A locking mechanism is operatively associated with the slide to hold the slide in the extended or hazard warning position when button 68 is pushed to a full in position. The holding mechanism includes a latch 72, depending downwardly from the slide, and a receiving notch 73 formed in the side wall of the housing. The latch normally extends downwardly beyond the level of the wall whereby the latch is forced upwardly as the slide is pushed toward the housing warning position. The latch is formed of the same resilient material as the slide and is therefore able to deform sufficiently to clear the wall. Upon clearing the wall, the latch immediately drops into the notch as shown in FIG. 3 to hold the camming surface in actuating contact against the contacts of the two modular units thus generating a continuous hazard warning signal.
A compression spring 75 is mounted horizontally within arm 12 and acts between the arm and the sleeve to urge the sleeve towards a home or non-actuating position. Two recesses 76,77 (FIG. 4) are formed in the side wall of the housing on either side of the latch receiving notch. The recesses are brought to a depth which will permit the latch to move out of the locked hazard warning position, under the urging of the compression spring, when the arm is rotated horizontally about the pivot to either side of its neutral position.
A pilot light 79 is mounted on the side of the arm as illustrated in FIG. 4. The light includes a lamp 80 and a shield 81 which are secured to the side wall of the arm to position the light directly below the indicator window lens 18, in the top cover of the housing, when the arm is in a neutral position. The location of the pilot light is offset in reference to the pivot of the arm such that the pilot light illuminates the appropriate arrow 19 or 20 when the lever arm is moved to a right or left-hand turn operative position. Electrical wiring to the lamp is brought into the housing via the harness as shown in FIG. 4.
The signal switch assembly of the present invention is also equipped with an additional switching function which can be wired into any one of a wide variety of automotive related electrical circuits at the option of the user. These circuits can include, but are in no way limited to, a horn actuating circuit, running light circuits or a headlight dimmer circuit. In the present apparatus, the arm is formed of a conductive material and is electrically grounded in assembly. An elongated switch contact 85 is positioned beneath the actuating lug 30 of the lever arm and, by means of the flat spring and detent arrangement as described above, the grounded lug is able to make the contact when the arm is deflected in a vertical direction. The lateral width of the contact is such as to permit the circuit to be closed regardless of the horizontal position of the arm. As a result, the operator is able to select the optional switch function when the arm is in a neutral position, an operative position or when the slide is extended inwardly. Again, the electrical wiring associated with the contact is carried out of the housing via the wiring harness as shown in FIG. 4.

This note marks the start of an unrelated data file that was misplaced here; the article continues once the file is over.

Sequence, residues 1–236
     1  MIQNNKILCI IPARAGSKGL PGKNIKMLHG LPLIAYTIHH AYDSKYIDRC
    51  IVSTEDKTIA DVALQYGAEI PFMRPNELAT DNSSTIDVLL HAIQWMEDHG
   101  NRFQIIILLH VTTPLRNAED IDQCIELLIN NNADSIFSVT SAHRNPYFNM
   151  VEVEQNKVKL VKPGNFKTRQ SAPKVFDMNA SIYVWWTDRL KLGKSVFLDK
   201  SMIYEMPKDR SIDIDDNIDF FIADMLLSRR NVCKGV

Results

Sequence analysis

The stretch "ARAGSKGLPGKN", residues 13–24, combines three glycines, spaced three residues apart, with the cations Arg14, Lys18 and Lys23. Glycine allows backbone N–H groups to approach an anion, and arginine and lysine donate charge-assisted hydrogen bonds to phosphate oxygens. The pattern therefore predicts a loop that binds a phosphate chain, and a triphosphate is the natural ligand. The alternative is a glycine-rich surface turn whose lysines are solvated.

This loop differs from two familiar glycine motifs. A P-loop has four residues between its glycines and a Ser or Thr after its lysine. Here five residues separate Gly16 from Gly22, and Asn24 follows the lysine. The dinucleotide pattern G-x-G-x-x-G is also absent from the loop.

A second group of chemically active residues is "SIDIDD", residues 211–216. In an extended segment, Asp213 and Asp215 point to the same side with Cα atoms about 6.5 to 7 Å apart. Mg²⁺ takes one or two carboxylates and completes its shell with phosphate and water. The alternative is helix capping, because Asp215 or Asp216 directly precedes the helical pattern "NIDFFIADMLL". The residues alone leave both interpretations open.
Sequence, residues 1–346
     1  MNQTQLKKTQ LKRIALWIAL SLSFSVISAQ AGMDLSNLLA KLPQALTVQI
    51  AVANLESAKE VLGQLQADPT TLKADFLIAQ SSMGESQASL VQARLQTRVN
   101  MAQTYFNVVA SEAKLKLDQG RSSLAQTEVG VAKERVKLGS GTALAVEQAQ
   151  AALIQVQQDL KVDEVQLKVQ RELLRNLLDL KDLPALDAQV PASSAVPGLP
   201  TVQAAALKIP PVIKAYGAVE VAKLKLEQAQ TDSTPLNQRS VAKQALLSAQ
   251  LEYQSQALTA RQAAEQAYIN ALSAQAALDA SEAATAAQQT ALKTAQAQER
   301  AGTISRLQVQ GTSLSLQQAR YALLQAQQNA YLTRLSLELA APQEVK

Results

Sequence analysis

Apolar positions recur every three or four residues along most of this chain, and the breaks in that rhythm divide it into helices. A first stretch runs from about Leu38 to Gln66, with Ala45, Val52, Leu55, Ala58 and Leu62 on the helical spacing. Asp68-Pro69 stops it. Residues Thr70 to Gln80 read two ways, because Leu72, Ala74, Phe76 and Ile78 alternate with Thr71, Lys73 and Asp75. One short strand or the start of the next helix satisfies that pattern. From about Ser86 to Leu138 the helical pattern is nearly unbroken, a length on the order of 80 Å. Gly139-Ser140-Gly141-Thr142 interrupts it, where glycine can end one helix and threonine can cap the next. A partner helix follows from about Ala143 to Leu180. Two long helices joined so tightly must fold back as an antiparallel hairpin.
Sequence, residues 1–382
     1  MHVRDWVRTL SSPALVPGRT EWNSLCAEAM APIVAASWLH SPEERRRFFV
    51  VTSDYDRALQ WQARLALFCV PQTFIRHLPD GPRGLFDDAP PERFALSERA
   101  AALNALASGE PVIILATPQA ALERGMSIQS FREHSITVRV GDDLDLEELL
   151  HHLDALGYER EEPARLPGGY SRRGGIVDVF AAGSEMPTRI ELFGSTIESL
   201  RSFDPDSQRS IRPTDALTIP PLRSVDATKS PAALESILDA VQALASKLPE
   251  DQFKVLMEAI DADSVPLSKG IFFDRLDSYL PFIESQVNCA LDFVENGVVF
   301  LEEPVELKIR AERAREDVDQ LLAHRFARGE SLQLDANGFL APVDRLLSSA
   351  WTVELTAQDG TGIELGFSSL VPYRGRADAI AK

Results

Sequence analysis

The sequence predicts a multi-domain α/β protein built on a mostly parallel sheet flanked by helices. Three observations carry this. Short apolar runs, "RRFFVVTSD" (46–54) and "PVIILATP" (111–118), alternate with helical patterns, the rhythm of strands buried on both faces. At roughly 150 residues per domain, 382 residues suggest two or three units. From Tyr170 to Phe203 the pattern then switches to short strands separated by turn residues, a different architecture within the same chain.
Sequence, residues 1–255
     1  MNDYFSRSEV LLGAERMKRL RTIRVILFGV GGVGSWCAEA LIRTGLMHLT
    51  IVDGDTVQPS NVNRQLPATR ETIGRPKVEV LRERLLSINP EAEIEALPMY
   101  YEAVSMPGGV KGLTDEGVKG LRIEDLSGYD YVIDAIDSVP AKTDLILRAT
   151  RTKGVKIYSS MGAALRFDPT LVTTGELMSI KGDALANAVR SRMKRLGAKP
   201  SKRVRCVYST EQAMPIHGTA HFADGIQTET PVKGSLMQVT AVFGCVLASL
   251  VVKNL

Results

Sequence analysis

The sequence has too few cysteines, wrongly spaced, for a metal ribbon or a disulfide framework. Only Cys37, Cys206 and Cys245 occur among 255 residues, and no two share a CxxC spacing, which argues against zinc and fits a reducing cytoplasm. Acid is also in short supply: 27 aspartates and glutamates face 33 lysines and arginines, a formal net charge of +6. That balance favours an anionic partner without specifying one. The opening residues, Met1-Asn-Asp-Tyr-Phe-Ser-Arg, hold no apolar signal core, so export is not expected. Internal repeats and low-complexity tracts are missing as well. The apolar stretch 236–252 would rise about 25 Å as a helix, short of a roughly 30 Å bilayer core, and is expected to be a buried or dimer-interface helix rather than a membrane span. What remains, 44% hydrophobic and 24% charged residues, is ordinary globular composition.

Turning now to FIG. 9, there is shown an electrical diagram which will be used to describe the operational features of the present invention. In this diagram, the arm and slide are schematically represented as element 90 which can be activated in the manner described above to open and close the contacts of modules 38,39. Power to the electrical system is provided by the main automotive system which, for explanatory purposes, is depicted as a battery 91. As shown, the positive side of the battery is connected in series with a flasher circuit 92, brake switch 93 and relay circuit 94. The right rear warning lamps and right front warning lamps are represented by lights 95 and 96, respectively, while those on the left rear and front are represented by lights 97 and 98. The lamps, in this arrangement, are electrically grounded.
As is conventional, the brake switch is adapted to be closed by the operator depressing the brake pedal of the vehicle. Releasing the pedal causes the switch to be opened. The brake switch is electrically connected to normally closed contacts 61 and 100 contained in modules 39 and 38 so that the two rear warning lamps 95 and 97 are normally illuminated any time the brake pedal is depressed.
Flasher circuit 92 can be of any suitable construction and typically includes a transistorized switching network adapted to periodically open and close a control circuit at a predetermined rate to flash the warning lights on and off. The flasher circuit is electrically connected to the two normally opened contacts in both modular units which are represented as contacts 62 and 63 in module 39 and contacts 101 and 102 in module 38. As explained above, the arm, upon being manually rotated to an operative position on either side of its neutral position, opens the brake light contact of the engaged module and closes the flasher associated contacts thereby overriding the brake light function and generating a flashing turn signal on the appropriate side of the vehicle.